Are [these technologies] uniting us or are they dividing us? Are we more connected or are we somehow less connected? Is there more equality in the world or is there less equality in the world? I've been feeling that [concern] in talking to customers. That's definitely the worry that's out there - that there is this division happening, this kind of stress created by this Fourth Industrial Revolution. Yes, we have this promise of this new connected world, but what is it doing to us? And what are other actors doing around the world using these technologies? Are they changing our society? Are they changing our elections?
Ultimately though no-one is left in any doubt that Benioff is a ‘glass half full’ kind of guy. He's an out-and-proud technophile down to his Adidas sneakers, not an armageddon peddling technophobe. The new technologies he talks about fire his imagination and bring out the evangelical fervor of the man.
He points the Dreamforce delegates to postitive exemplars - the Trailblazers - such as Coca Cola:
They have these incredible coolers. The next-generation of these coolers has a camera.” They can tell when the cooler needs to be replenished. They are going through incredible transformation using this new technology. Everywhere I go, I see this transformation. I recently stayed at Marriott. I’m a member of their loyalty program. But loyalty is dead. Now we’re on journey. Customer journeys, transformation journeys. They can even give me my key on my phone now. That’s what all of us are doing, trying to connect better with our customers.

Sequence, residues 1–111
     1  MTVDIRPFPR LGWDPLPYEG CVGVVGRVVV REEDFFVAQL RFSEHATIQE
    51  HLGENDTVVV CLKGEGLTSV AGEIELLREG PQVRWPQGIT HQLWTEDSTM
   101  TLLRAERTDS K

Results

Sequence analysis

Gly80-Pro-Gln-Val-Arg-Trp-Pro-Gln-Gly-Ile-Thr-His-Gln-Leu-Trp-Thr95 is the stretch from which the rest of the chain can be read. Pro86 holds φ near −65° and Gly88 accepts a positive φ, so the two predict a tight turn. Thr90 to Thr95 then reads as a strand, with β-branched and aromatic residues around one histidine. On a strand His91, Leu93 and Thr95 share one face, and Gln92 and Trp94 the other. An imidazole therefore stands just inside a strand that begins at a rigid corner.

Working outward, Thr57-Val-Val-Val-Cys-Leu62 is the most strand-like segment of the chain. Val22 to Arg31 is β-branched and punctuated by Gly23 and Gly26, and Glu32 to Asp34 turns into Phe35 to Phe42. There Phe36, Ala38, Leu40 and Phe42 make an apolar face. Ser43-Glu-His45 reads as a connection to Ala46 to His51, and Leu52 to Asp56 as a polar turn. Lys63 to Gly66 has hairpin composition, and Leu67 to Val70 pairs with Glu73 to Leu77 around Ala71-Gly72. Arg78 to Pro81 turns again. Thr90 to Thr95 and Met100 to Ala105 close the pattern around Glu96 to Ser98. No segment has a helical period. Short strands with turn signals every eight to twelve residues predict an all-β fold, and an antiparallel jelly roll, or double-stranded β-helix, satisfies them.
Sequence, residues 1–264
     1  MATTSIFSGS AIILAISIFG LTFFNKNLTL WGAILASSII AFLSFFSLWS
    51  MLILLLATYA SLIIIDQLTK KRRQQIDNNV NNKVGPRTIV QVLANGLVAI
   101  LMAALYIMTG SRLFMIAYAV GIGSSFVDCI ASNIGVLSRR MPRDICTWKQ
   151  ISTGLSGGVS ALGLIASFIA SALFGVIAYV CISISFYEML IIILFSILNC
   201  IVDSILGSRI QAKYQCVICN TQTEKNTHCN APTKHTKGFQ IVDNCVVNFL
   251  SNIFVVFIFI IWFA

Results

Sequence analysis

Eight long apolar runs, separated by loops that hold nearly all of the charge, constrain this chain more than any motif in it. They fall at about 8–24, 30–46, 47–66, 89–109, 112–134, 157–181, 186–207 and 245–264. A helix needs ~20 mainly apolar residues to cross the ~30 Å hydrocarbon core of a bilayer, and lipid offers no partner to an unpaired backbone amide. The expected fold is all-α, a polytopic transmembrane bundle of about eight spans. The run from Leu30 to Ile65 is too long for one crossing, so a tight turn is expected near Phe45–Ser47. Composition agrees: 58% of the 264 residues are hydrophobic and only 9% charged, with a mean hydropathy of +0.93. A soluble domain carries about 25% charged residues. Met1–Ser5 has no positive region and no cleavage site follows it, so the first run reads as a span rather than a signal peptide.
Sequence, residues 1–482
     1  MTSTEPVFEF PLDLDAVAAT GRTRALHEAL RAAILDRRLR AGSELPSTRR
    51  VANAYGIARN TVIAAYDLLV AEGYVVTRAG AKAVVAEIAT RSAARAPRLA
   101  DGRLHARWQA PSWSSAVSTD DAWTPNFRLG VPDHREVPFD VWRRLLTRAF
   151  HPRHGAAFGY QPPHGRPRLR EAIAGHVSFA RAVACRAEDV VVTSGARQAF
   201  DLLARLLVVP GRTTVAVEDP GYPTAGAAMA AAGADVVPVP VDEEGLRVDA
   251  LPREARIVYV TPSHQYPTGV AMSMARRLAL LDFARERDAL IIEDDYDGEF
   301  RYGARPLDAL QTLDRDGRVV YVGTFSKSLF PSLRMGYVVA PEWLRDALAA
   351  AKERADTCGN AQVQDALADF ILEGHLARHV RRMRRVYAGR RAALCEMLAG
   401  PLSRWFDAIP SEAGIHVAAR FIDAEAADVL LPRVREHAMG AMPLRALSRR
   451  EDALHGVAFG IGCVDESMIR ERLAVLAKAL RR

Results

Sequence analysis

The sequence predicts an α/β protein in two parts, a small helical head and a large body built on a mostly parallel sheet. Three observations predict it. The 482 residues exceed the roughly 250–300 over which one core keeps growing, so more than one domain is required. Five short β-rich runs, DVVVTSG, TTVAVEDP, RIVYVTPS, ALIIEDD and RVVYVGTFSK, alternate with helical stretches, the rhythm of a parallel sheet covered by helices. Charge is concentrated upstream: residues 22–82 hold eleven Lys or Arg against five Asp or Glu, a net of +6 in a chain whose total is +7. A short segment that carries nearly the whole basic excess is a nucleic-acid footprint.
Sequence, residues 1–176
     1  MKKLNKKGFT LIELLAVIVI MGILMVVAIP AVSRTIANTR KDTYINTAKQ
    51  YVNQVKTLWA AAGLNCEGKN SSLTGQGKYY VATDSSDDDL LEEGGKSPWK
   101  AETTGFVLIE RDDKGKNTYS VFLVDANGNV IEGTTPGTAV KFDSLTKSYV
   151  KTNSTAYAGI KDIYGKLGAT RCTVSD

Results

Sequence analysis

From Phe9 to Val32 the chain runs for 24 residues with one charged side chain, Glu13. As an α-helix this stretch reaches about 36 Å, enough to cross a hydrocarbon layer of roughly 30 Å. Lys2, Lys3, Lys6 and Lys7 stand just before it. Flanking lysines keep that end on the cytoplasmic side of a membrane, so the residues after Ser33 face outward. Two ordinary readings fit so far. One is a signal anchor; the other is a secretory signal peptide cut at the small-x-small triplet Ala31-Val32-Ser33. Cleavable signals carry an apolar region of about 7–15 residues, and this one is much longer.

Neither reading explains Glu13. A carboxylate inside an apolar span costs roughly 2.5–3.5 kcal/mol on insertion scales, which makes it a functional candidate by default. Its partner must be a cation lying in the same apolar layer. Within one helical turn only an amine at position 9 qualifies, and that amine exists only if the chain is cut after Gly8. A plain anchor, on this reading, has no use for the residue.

It doesn’t matter if it’s a product or services company, I see this transformation everywhere I go. Behind all these things – smart elevators, hotels, watches and suites, everything – is a customer. That’s what all of us do. We’re working to connect with our customers in an incredible new way. This is the Fourth Industrial Revolution. We’re connected to customers in new ways using these next-gen technologies and it’s incredible.
But still the underlying questions remain and need to be addressed:
Are we more connected or somehow less connected?
This is where it becomes a rallying cry to the Salesforce faithful. The Ohana needs mobilizing to action to make this a succesful and bloodless revolution. To that end, Benioff left Dreamforce attendees in no doubt about their responsibilties in this debate:
It’s about the equality of every human being. When we see discrimination happening anywhere in the world, Trailblazers came forward and help change it. We’re committed to diversity and equality. We have to look at our boards of directors, management, and employees.
That’s why I’m inspired about Dreamforce – because of all of you, our Trailblazers. You’re shaping this future. I’m trusting this future to you. I know you’re going to make it great. You have all these amazing tools at your fingertips.
Here at diginomica, we’ve made no secret of our support for the stand on ethical and moral issues that Salesforce has taken over issues such as LGBTQ discrimination or ensuring equal pay for women in organizations.
It’s a lead that has rallied followers and inspired others in the tech industry. While there are some providers who remain lamentably silent, Salesforce has taken a bold stand in some of the most important debates in society.
There are big questions that we all need to tackle if the Fourth Industrial Revolution is to result in the kind of digital society that we would want to live in.
I don’t imagine anyone’s going to leave Dreamforce later this week thinking that they’ve got the answer to all (any?) of this. But I’ll wager that a fair few might be heading home with a few more things to think about and that’s a good start. And you know, questions can be more interesting than answers anyway…